It's true. I'm not; I am not good at hiking. I often decline offers to hike with friends (as much as I love to!) and shy away from inviting friends on hikes with me because I'm embarrassed by my pace.
"But there is adventure written all over my heart and soul..."
Aside from dancing through grade school and a stint of rugby in high school, I have not been much of an athletic person. In fact, in junior high school, my doctor diagnosed me with exercise induced asthma. That was pretty much the end of me participating in an active life, outside of the occasional dance class. But there is adventure written all over my heart and soul, and it is impossible to deny.
The truth is: you don't need to be an athlete to hike. Just like you don't have to be flexible to do yoga. So I did yoga. It was and still is "my thing". And now, I hike too.
Here's the thing: you don't really need any specialized or fancy gear to hike. Depending on what you're doing and where you're going, it is wise to carry a day pack with snacks (read: chocolate), water, an extra layer or change of socks, and bear spray (depending on where you're hiking). But none of that will make you any better at hiking, because technically you hike every day already! Hiking, simply put, is walking. Just... in a much more scenic environment!
You may be thinking I'm crazy and very much wrong, and believe me, the first time a friend tried to show me this perspective, I thought the same of him at first. But he is right. Whether you are gaining elevation or not, all it takes to get from one place to the next is putting one foot in front of the other. And we all do that every day.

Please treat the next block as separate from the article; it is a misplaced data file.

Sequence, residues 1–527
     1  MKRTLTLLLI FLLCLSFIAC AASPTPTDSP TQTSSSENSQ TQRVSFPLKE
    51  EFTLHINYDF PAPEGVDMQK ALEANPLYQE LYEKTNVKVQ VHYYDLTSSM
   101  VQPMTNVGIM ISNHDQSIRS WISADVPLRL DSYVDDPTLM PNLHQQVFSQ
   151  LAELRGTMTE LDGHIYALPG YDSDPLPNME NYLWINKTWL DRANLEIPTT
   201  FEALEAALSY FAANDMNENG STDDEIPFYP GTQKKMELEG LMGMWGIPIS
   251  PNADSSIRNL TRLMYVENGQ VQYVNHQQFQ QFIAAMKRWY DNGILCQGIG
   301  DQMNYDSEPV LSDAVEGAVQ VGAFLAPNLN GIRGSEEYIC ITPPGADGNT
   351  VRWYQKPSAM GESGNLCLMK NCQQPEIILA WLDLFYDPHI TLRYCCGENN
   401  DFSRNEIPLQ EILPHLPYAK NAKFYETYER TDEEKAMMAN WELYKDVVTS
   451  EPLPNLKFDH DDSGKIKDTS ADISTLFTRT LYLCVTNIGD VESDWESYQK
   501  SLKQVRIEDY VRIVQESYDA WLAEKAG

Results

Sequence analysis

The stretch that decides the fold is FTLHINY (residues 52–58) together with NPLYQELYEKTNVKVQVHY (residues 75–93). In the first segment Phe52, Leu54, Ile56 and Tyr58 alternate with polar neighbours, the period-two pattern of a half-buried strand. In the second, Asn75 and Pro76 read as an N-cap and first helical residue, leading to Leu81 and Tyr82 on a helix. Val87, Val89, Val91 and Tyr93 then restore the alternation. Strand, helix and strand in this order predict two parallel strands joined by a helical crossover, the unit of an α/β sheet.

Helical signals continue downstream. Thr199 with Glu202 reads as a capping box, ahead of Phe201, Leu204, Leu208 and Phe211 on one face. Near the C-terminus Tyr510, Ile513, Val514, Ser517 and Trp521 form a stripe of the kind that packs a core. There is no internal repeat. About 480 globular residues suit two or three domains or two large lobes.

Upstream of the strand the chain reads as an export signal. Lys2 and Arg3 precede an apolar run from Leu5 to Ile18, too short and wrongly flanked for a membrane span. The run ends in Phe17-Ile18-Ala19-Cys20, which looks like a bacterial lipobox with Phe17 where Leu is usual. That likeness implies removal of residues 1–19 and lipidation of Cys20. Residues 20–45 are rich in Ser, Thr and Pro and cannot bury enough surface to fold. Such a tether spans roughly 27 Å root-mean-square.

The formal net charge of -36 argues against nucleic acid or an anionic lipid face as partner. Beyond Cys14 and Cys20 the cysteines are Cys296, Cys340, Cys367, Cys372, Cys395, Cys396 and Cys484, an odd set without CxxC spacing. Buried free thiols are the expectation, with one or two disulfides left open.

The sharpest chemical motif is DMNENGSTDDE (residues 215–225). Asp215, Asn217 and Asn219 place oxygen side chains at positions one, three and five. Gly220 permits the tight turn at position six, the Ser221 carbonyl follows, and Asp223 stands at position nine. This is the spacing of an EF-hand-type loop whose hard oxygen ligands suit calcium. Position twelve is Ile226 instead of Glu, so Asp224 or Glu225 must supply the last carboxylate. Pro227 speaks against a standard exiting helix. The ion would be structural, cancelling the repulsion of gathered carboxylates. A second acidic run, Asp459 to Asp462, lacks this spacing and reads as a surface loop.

Despite my self-perceived inability, it is not necessarily hiking, but my curiosity and ambition that takes me to some pretty wild places. I like to avoid crowds and follow trails a little less traveled. It's not uncommon for me to find myself staring fear right in the face. Sometimes even alone. After a particularly traumatizing and muddy descent off a col behind Mount Fortress last fall, I discovered a profound fear of going down. Sure, it's a struggle to hike up, but suddenly it's utterly TERRIFYING to come down. (I also love laying in the sun - does all of this mean I was a cat in my past life??)
This new-found fear made for a challenging winter once the snow started falling, making me even less sure of my steps. I still feel a pang of terror coming back down off of an icy or rocky trail. But it's that "one foot in front of the other" mindset that gets me down through it all, the same way it got me up.
It's all about pace. I said before that it's not unusual for me to feel embarrassed by my pace. Solo hiking has been a powerful tool for overcoming that insecurity. Just like there's no light without darkness, there's no slow without fast. When it's just you and the trail, there's only one pace, and it's yours! Embrace it!! Take baby steps if you need to. It's easier on your muscles when you're going uphill anyway. And it doesn't make you any worse or less of a hiker, because hey, you are still doing it... one step at a time!
Photos are my own. Please do not reproduce without my written permission.